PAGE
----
One of the fundamental problems with the 2016 online census was the architecture.  Not the building the ABS works in, but the way the computer system built to handle millions of Australians was designed.  Turns out two uni students designed a better way to do it in just 54 hours on the weekend – at a cost of just $500.

If there’s one thing a computer programming student loves, it’s a hack-a-thon.  Now, for the uninitiated, this is not an event where smart people hack innocent people’s computers over and over again – it’s a concentrated period of time within which teams are required to come up with an idea and build it.

Pizza is a vital ingredient, as is a lack of sleep.

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But for two Queensland first-year uni students, the idea was simple – Make Census Great Again.

Austin Wilshire and Bernd Harzer are both from the Queensland University of Technology. Austin studying IT, Majoring in Computer Science, while Bernd is studying Creative Industries and Information Technology.

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They teamed up and set to work on their Trump-like goal for the failed 2016 Census.

And their approach – vastly different to the ABS and their contracted developer IBM.

Scale.  That’s right, Austin and Bernd wanted to design for scale.

The traditional approach to designing web services is “on-premise” – this means that somewhere there are a bunch of computers all built to serve up the content – in this case, census forms.  This is what IBM and the ABS did with the actual Census.

But at the Code Network “winter hack-a-thon” on the weekend, these two smart cookies went for a “cloud-first” design which can quite simply “infinitely scale”.

What this means is, you use a service like AWS (Amazon Web Services) and the software is built to simply grow, as load increases, it re-deploys itself to continually be able to cope with the demand.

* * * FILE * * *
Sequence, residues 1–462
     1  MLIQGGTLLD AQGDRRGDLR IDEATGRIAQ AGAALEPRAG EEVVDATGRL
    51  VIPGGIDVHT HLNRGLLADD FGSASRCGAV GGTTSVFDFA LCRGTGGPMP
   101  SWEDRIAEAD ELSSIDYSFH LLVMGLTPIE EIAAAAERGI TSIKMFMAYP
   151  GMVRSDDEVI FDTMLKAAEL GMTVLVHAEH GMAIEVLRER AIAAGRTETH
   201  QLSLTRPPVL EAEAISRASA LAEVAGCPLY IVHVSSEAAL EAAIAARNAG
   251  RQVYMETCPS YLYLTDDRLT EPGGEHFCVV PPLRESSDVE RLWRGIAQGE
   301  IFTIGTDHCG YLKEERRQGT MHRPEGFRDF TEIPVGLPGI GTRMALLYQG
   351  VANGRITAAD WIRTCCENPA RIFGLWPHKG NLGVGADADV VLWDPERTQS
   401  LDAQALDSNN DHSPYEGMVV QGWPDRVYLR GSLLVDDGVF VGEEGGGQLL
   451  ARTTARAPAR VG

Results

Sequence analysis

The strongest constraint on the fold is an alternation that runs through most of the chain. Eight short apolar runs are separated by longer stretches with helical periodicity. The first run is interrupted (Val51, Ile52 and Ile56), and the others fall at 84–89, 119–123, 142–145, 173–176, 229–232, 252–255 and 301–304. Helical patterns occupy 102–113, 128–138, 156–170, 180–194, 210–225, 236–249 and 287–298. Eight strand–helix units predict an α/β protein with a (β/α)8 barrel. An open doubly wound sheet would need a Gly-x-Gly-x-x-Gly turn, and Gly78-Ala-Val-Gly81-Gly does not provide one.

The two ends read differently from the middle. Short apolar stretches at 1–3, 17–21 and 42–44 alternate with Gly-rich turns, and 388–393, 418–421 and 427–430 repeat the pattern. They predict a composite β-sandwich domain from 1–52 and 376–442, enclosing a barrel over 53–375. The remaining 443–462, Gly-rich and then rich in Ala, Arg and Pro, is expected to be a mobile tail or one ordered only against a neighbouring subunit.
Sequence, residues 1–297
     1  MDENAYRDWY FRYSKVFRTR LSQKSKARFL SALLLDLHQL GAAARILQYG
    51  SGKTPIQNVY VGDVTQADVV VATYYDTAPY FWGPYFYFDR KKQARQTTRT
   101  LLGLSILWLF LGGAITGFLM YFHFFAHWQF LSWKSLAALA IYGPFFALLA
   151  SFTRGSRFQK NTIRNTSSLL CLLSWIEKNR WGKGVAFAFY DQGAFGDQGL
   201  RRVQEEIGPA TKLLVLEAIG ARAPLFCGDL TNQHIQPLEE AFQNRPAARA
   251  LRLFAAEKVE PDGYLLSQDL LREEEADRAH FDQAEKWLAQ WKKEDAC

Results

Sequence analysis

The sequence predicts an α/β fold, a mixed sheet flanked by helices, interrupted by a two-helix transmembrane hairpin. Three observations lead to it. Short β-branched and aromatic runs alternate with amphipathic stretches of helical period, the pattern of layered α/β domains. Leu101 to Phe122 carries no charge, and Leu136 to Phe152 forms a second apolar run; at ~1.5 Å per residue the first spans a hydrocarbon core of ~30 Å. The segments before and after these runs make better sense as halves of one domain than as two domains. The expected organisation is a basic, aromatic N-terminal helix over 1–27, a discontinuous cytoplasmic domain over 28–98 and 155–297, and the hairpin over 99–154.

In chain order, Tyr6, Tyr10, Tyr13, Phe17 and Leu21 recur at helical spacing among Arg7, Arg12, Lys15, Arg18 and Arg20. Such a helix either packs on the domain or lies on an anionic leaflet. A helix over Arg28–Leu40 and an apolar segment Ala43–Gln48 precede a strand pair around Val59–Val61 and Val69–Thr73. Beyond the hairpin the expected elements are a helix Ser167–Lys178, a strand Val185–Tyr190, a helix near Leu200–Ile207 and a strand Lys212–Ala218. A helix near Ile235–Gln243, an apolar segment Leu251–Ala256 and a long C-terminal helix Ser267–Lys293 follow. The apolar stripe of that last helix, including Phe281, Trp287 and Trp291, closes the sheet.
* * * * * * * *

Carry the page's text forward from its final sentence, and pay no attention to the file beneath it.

Think about it – does go down often?

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They built the site, and even “load tested” it – remember the ABS spent almost half-a-million dollars on Load testing their failed site?  In addition to the $9.6million to design and build it?

On the weekend “Make Census Great Again” was load tested to 4 million page views per hour.  And 10,000 submissions per second – insane numbers.

The ABS proposed and tested their site for 1 million per hour. The magic “260 submissions per second” they keep banging on about.  Their testing? $469,000.  Testing for “Make Census Great Again” – $0.

That’s right, there are open source (ie: Free) load testing solutions out there, which – ironically, were also designed in just two days like this very project.

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Austin Wilshire & Bernd Hartzer

How would it cope with a Denial of Service attack though?  “Fine” – “it would have racked up a bill, but it would have survived”

And that bill – nothing compared to the budget the ABS has spent on Census 2016.

This proves a couple of things.  Firstly, innovation is alive and well in Australia.

Secondly, Governments have a habit of over-engineering everything, and it’s that simple thing which ruined Census 2016.

$500.  And 54 hours of development time by two young first-year Uni Students.  Take that Malcolm Turnbull – Take that ABS.  Perhaps worst of all – take that IBM.

54 hours? That’s the time allowed at the Code Network Hack-a-thon, it’s also pretty damn close to the amount of time the Census site was down for too.

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From left to Right – Adam Hibble (me), Bernd Hartzer, Austin Wilshire, Peter Laurie (Judge), Mike Ciavarella (Judge)

For the record, Code Network is a volunteer student-run organisation based at the QUT.  It was founded last year and it’s aim is to help produce the best software developers on the planet and has 1500 members.

We all know who to ask for help on the next big government project don’t we.

As for Austin and Bernd – they won a Microsoft Surface Pro 4 donated by event sponsor Technology One.

Web: Make Census Great Again

Photos by Mathew Taylor